Friday, January 16, 2015

REVIEW: "Dancing at Midnight" by Julia Quinn

Dancing at Midnight (Splendid Trilogy, #2)
Dancing at Midnight by Julia Quinn
For Ages 18+ (Language, Sensuality)
Historical Romance -- Regency England

Avon -- Published in 2004
Mass Market Paperback, 375 pages
Read in January 2015 (re-read)

Tortured Hero

Lady Arabella Blydon can sense the secrets smoldering behind the dark, penetrating gaze of Lord John Blackwood. Still she desires this handsome, mysterious stranger who stirs her passions like no other man--even as he warns her to stay away.

War scarred Lord John's body and soul. But this brazen, intoxicating, infuriating bluestocking poses an even greater threat: she is forcing him to care again. For Belle is a woman of bold, independent spirit, equally unconcerned about society's petty restrictions and love's hidden perils. And the beautiful, determined schemer will not rest until she returns joy and light to the damaged lord's life...and wins a place in his shuttered heart forever.

"If one by one, you weeded all the world--Arabella Blydon blinked.

Julia Quinn is the author that started my obsession with historical romances and Dancing at Midnight was one of the first of her books that I tried...after the Bridgerton series, of course.  One of my goals this year is to re-read old favorites in order to get out of reading slumps than just pushing through and not finishing anything.  So, when I found myself disinterested in any "new" books, I picked this up and was happy to discover that it holds up pretty well after all these years.

Lady Arabella (Bella) seems like a Regency-era heroine.  She is beautiful, kind, and well-liked by most people in high society.  But, she also has a bluestocking side and an independent streak that seems to trouble suitors.  Things seems to change when she goes to visit her cousin Emma and her new husband's estate and meets their mysterious neighbor.  The newly titled Lord Blackwood (John) is a military veteran who has just purchased a house and is trying to figure out what to do with his life now.  Meeting Bella throws his life into chaos and he is forced to face the darkness of his past in order to achieve happiness.

I love a good tortured hero and John was one of my first experiences with the trope.  I was pleasantly surprised at how likable I still found him despite his bleak outlook on life and himself.  He did frustrate me (and Bella) with his constant waffling about whether he wanted to pursue Bella or not, but I understood his reasoning.  For her part, Bella really stood out to me on this re-read.  I didn't remember her being so logical in her pursuit of John. While she did pull a trick to get him to declare his intentions, it really seemed like that was the only way to get him to admit them.  I also loved how she embraced her intelligence and love of reading.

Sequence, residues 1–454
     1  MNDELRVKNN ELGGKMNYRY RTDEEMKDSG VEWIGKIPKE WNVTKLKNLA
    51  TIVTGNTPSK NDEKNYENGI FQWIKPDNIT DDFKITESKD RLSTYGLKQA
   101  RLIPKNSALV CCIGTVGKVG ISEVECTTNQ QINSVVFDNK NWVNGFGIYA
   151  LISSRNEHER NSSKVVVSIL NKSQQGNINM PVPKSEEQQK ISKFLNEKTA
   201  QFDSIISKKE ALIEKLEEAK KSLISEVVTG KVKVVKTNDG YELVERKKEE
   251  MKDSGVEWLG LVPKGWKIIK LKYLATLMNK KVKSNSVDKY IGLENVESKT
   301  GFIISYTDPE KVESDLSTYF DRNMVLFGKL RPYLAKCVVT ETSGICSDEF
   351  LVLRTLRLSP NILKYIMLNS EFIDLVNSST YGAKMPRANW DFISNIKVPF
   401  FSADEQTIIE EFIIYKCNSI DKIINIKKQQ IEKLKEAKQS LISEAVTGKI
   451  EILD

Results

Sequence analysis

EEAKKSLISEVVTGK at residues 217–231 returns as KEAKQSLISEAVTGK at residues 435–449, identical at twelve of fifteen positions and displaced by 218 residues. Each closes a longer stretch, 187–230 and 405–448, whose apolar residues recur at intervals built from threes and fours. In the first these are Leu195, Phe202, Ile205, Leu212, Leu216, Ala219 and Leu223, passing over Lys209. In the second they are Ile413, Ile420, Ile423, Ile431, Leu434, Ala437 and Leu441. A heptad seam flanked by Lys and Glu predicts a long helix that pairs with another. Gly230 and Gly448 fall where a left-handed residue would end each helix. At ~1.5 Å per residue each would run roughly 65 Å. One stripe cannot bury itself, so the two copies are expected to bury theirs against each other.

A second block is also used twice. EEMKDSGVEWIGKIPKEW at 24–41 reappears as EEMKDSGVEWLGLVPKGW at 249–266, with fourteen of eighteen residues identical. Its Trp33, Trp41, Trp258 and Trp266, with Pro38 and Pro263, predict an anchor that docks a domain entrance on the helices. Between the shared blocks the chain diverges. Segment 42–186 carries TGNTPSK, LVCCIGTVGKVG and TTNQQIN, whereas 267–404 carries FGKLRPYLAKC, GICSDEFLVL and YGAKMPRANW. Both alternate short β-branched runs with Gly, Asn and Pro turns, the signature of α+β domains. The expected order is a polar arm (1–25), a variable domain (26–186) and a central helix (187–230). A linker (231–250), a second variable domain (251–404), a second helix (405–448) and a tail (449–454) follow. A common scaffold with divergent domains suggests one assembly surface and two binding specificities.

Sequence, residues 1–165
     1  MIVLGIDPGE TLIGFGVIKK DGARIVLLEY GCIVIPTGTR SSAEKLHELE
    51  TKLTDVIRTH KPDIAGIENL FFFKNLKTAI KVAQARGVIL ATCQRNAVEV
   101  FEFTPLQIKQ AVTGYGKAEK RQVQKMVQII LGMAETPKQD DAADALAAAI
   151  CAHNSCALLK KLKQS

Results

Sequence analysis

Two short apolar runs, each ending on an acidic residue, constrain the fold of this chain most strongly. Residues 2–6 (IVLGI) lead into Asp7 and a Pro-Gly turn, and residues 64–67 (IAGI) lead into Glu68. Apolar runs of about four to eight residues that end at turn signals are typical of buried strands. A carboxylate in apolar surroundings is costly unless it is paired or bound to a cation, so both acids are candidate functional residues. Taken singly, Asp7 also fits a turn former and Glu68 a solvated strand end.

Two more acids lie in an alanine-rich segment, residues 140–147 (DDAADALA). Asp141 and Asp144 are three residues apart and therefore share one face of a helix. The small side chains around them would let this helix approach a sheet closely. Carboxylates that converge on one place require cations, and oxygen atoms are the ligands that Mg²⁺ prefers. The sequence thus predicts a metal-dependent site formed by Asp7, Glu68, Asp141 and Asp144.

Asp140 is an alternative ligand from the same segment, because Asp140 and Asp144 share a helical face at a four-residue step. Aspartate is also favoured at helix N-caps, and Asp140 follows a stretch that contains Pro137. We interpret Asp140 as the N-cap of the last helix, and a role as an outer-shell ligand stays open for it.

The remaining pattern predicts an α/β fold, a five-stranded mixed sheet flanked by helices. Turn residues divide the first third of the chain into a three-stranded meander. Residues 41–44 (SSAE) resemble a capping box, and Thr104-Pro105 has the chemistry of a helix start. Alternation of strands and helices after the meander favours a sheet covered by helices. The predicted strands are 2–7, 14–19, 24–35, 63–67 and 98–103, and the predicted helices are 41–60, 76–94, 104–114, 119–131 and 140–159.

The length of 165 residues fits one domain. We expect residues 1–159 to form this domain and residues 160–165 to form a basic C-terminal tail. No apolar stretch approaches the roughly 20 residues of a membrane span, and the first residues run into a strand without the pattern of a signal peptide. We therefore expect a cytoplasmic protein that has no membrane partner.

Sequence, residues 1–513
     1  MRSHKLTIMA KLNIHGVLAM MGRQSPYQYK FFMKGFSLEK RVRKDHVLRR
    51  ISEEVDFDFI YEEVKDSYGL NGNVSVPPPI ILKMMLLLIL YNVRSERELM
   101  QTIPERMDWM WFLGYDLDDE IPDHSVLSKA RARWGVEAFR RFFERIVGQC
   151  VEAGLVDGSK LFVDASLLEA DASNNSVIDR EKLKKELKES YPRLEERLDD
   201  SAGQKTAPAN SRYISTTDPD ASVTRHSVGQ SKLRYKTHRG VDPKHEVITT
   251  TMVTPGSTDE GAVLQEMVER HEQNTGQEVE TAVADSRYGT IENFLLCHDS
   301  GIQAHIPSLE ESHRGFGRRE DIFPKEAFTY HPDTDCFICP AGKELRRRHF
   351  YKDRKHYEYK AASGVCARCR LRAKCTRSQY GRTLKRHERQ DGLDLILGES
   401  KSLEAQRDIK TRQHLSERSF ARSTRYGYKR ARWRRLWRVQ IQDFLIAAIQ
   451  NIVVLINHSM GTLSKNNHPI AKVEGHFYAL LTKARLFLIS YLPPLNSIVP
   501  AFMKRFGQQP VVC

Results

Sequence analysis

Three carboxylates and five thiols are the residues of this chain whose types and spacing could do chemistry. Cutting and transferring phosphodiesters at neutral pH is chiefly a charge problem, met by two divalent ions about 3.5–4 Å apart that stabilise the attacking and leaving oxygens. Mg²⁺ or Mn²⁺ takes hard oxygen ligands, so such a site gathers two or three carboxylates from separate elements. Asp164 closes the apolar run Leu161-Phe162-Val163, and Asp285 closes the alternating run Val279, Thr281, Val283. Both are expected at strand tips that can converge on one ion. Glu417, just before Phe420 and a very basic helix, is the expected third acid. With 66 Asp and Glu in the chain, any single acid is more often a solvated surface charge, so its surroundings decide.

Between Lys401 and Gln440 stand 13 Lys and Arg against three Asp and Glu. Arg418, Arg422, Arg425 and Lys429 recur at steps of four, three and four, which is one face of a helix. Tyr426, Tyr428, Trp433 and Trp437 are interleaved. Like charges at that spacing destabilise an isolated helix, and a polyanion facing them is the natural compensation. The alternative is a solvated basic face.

All in all, I found Dancing at Midnight to be just as enjoyable as the first time I read it.  I did notice a few cliched moments like the dramatic rescue and some overdone flowery language, but they didn't really decrease my enjoyment.  It is not perfect, but it helped pull me out of a reading slump and I found myself wanting to continue working my way through Julia Quinn's backlist again.  


Flush -- Detailed descriptions of lovemaking though nothing overly graphic.

"My love has eyes blue as the sky.
Her warm, bright smile makes me want to try
To give her the world,
And when she's curled
Up in my arms where I can feel her touch,
I realize again that I love her so much.
My world has turned from black to white.
Kissing in starlight, basking in sunlight, dancing at midnight."

1. Splendid
2. Dancing at Midnight
3. Minx
3.5. A Tale of Two Sisters


  1. JQ is just the best! It's been a really long time since I've read this, but I know I loved it. And that John didn't bother me too much. Sometimes those types of heroes frustrate me. And is the one with Persephone. Because she is super cute.

    1. I had forgotten about Persephone until I re-read it. Such an adorable character. I would actually love to know more about her someday.

  2. I haven't read a Quinn book in years! But now I'm wanting to read this one, which I had somehow missed reading when I first went on a Quinn reading binge a few years ago. Great review!


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